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Auditor: Stadium Officials Gave Nearly Half Of Suite Tickets To Friends, Family

ST. PAUL, Minn. (WCCO) -- The public officials who run U.S Bank Stadium acted unethically -- but not illegally -- by giving free luxury suite tickets to friends and family.

That's according to a tough new report from the Minnesota Legislative Auditor, who says the legislature needs to step in. The audit found that nearly half of the tickets in two luxury suites went to friends and family of Minnesota Sports Facilities Authority officials.

Stadium officials say they changed their free ticket policy after a public outcry over the special perk. But the report raises serious questions about how the stadium is run.

The scathing auditor's report raises ethical questions about the use of luxury suites by stadium officials who run the facility. Especially free tickets for friends and family that are purportedly meant for marketing purposes.

"Is the authority using the suites for their stated public purpose? Marketing?  And in too many cases, they are not used for that purpose," Minnesota Legislative Auditor James Nobles said.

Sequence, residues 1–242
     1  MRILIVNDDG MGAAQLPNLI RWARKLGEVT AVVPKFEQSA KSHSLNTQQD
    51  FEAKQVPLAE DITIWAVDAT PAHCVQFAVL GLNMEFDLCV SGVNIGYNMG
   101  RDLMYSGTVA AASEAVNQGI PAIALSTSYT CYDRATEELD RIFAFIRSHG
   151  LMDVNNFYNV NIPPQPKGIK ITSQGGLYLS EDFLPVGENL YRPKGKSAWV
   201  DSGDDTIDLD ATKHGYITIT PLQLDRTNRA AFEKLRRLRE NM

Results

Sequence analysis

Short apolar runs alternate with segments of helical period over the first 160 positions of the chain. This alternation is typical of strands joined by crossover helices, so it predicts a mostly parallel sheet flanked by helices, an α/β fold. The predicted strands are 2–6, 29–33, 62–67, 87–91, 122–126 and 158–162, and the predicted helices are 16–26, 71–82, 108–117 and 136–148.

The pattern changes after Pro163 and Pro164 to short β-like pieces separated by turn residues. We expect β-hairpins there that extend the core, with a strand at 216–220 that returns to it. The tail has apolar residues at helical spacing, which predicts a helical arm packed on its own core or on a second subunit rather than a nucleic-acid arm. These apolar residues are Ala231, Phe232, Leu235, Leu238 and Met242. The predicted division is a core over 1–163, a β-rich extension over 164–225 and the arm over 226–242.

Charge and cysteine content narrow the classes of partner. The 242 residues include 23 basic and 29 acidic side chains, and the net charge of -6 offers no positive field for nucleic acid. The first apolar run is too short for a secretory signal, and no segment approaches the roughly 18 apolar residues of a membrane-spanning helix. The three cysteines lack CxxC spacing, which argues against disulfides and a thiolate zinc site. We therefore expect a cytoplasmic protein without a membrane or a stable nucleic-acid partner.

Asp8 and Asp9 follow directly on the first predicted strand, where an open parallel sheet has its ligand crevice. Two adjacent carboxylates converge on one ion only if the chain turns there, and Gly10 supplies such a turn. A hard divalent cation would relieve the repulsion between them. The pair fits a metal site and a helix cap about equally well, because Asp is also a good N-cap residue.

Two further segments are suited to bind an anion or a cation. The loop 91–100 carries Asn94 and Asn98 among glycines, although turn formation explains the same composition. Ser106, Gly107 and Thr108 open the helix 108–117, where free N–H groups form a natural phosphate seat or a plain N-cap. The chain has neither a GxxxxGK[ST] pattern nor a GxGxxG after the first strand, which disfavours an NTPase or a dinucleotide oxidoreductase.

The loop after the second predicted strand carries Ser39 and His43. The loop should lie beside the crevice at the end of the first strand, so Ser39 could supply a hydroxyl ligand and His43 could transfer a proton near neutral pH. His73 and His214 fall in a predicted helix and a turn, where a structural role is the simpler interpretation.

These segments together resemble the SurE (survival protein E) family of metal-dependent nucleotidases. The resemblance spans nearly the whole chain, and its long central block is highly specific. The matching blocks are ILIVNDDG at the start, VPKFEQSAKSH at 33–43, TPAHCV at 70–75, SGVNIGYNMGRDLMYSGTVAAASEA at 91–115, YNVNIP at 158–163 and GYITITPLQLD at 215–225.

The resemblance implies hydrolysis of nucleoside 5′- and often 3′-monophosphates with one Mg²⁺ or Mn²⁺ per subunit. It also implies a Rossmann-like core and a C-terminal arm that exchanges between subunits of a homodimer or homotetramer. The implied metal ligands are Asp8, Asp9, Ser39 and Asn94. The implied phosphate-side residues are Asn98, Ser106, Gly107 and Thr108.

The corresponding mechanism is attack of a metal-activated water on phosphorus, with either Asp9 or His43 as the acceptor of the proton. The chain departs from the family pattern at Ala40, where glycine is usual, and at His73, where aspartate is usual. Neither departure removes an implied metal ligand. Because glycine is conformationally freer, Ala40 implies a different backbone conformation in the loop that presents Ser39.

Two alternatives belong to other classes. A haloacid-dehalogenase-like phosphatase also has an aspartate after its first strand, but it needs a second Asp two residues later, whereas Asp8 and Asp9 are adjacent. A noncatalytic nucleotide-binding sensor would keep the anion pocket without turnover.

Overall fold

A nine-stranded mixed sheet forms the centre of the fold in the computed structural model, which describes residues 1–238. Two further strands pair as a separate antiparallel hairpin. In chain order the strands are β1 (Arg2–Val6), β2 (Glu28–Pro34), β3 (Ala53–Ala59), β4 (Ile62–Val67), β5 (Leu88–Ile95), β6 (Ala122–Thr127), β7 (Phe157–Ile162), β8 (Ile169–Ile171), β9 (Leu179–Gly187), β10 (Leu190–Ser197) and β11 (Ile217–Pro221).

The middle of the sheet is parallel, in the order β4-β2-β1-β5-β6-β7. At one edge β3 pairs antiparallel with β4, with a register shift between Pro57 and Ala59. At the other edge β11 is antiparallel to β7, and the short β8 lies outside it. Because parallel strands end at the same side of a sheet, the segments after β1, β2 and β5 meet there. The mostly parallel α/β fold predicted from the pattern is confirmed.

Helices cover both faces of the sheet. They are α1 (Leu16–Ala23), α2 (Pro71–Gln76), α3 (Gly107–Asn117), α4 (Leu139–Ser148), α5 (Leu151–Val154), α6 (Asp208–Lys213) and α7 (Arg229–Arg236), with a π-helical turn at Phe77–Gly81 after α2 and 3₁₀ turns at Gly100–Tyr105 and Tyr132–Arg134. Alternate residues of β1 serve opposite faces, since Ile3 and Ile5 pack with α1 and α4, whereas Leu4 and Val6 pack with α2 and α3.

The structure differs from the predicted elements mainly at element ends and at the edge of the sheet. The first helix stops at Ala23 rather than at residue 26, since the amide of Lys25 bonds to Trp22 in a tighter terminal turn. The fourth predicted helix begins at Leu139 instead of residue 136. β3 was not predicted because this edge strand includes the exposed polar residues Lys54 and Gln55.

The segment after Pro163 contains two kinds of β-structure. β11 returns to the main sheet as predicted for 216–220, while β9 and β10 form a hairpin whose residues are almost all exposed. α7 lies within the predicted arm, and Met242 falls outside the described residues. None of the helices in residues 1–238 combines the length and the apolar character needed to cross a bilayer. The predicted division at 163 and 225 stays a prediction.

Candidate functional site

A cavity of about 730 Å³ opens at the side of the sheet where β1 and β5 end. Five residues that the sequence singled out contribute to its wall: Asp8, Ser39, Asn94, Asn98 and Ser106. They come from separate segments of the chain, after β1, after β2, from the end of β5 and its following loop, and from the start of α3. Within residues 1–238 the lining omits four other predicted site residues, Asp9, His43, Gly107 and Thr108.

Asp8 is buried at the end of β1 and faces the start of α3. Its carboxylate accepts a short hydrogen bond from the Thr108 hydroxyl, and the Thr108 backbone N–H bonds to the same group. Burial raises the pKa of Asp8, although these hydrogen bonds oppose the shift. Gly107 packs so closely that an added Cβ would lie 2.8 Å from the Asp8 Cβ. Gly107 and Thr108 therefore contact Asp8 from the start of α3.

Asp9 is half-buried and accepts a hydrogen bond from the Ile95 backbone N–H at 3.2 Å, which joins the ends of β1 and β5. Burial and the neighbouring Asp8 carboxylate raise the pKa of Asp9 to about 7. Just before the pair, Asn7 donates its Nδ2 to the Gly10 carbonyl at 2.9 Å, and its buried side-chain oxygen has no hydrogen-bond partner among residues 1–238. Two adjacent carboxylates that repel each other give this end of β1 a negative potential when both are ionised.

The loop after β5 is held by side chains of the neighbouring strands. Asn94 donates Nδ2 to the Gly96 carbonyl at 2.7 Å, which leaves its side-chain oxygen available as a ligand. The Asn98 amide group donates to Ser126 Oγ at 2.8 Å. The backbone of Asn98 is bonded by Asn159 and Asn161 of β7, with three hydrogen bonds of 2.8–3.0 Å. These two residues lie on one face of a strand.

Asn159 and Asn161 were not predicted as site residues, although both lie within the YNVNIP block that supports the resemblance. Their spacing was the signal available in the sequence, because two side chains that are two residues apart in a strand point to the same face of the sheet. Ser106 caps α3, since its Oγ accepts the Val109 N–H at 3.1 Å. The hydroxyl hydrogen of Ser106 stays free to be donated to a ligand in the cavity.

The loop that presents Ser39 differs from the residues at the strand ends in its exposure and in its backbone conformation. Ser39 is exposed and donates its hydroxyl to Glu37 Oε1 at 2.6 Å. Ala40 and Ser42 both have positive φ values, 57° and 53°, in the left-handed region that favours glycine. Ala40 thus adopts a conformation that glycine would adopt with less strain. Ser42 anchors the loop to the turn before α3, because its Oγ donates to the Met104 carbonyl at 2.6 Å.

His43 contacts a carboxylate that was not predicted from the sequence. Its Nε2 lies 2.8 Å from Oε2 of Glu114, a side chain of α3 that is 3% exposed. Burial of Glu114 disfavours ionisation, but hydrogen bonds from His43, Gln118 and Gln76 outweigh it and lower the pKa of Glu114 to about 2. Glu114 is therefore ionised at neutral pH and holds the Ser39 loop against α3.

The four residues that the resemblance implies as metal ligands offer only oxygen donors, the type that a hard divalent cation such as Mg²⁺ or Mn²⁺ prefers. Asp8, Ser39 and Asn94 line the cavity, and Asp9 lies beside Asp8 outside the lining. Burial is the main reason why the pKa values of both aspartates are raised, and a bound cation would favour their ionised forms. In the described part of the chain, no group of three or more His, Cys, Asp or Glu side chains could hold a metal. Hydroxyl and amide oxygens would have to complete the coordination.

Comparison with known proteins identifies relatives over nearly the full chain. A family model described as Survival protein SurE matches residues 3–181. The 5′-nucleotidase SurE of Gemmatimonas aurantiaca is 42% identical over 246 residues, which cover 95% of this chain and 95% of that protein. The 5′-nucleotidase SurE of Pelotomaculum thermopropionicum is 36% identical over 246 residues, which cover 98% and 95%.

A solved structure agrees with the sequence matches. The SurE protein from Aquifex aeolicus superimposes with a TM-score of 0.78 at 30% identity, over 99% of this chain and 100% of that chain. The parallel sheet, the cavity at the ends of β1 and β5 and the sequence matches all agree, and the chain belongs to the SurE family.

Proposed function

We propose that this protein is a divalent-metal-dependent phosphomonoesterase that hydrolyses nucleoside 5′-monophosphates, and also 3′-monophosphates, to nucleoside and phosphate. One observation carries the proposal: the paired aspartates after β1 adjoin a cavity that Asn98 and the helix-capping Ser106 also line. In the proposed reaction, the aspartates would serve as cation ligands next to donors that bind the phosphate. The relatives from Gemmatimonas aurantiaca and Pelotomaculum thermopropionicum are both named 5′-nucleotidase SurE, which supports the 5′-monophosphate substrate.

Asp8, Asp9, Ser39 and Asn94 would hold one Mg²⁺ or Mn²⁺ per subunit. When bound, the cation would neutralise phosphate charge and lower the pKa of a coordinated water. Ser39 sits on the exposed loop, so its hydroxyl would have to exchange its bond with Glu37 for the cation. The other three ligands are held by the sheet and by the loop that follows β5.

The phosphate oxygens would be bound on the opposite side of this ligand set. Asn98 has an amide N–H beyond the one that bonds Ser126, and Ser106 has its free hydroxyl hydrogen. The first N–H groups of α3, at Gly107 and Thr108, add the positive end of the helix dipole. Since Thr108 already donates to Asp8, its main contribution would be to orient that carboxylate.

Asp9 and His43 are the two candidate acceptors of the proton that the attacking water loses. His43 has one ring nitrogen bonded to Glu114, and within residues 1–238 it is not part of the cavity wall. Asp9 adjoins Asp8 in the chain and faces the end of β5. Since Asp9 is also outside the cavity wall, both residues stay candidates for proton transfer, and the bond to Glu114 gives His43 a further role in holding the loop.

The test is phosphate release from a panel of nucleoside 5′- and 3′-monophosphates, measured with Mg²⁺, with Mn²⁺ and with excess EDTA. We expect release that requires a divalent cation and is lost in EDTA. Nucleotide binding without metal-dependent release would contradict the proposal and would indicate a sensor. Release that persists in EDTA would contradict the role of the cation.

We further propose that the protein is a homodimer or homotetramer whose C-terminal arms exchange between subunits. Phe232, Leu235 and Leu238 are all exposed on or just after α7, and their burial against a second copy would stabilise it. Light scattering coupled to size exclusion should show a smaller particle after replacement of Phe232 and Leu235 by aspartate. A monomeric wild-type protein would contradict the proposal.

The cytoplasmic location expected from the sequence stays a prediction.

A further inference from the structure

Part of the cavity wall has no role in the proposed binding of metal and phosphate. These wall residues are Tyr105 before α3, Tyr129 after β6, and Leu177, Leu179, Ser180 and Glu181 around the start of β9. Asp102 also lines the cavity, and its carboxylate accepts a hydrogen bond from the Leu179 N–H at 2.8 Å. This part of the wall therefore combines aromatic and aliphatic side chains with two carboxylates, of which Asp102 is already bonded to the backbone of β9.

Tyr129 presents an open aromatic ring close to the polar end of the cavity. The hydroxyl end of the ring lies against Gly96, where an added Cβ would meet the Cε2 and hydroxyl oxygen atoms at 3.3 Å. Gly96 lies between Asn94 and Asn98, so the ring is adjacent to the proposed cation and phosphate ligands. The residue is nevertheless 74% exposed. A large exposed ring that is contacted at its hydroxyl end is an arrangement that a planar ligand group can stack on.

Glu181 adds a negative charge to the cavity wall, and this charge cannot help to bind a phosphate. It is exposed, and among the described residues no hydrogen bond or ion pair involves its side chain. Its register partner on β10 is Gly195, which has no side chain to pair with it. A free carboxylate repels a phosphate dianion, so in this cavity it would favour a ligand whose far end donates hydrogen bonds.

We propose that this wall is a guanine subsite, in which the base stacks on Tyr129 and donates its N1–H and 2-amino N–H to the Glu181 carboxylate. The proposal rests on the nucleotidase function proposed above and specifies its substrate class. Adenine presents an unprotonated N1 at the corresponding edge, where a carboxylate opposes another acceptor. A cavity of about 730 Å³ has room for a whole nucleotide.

The report found that stadium staff distributed 352 tickets to luxury suites. About 45 percent, or 158 of them, went to friends and family. Only 29 percent, 101 tickets, were for marketing.

Top lawmakers called it inexplicable and offensive.

"It's become a kind of private club that any Joe Citizen would not be able to use. And clearly when we set out doing the Vikings stadium, it was meant to be the People's Stadium," Rep. Sarah Anderson of the House Government Operations Committee said. "And we are now far afield from being the People's Stadium."

Under withering questioning, stadium officials repeatedly apologized for the ticket debacle, citing a new "no freebie" policy.

"And I apologize because I definitely hear that people are disappointed, angry with what we have done.  I hear you," Michelle Kelm-Helgen, the chair of the Minnesota Sports Facilities Authority, said.

Angry lawmakers are preparing to overhaul the stadium operations, and accused stadium officials of being tone-deaf.

"Thirty six tickets per event! Willy Nilly to whoever you wanted! Was actually overstepping that code of ethics!  Did it ever occur to you that there was something wrong with this?" Sen. Julie Rosen of the Senate Finance Committee said.

The legislative auditor also revealed Tuesday the MSFA controls three luxury suites, not two. Stadium officials say they rent out the "Cabin Suite" for events, which has generated $192,000.


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